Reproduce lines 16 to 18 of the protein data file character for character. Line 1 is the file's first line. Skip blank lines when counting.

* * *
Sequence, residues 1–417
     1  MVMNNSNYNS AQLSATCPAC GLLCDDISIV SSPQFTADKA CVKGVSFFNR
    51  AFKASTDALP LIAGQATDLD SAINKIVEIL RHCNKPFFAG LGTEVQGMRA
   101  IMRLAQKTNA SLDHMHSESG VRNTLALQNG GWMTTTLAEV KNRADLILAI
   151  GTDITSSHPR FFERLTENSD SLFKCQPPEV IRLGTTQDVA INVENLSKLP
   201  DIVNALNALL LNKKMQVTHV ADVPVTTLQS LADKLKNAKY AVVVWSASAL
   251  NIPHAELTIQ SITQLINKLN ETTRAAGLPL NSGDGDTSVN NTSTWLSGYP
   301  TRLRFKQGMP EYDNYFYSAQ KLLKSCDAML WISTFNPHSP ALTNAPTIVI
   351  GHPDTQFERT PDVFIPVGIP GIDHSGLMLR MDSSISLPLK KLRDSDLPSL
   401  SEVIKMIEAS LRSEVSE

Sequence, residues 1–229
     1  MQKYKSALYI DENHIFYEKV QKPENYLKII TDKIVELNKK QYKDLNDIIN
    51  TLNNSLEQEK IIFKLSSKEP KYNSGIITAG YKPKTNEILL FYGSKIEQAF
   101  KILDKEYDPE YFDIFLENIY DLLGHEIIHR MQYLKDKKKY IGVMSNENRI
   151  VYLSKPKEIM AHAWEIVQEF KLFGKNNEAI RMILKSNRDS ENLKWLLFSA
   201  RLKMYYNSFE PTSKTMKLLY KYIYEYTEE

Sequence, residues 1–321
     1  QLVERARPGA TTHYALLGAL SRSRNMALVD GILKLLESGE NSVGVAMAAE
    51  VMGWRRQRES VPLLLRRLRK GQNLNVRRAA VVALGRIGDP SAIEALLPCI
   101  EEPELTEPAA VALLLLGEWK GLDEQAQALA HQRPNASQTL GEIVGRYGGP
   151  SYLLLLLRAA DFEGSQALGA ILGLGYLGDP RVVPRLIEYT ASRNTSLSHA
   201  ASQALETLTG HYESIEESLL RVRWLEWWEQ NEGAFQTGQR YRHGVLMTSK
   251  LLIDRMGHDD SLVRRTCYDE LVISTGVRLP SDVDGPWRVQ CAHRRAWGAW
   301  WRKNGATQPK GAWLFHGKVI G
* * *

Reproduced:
   201  RLKMYYNSFE PTSKTMKLLY KYIYEYTEE

Sequence, residues 1–321
     1  QLVERARPGA TTHYALLGAL SRSRNMALVD GILKLLESGE NSVGVAMAAE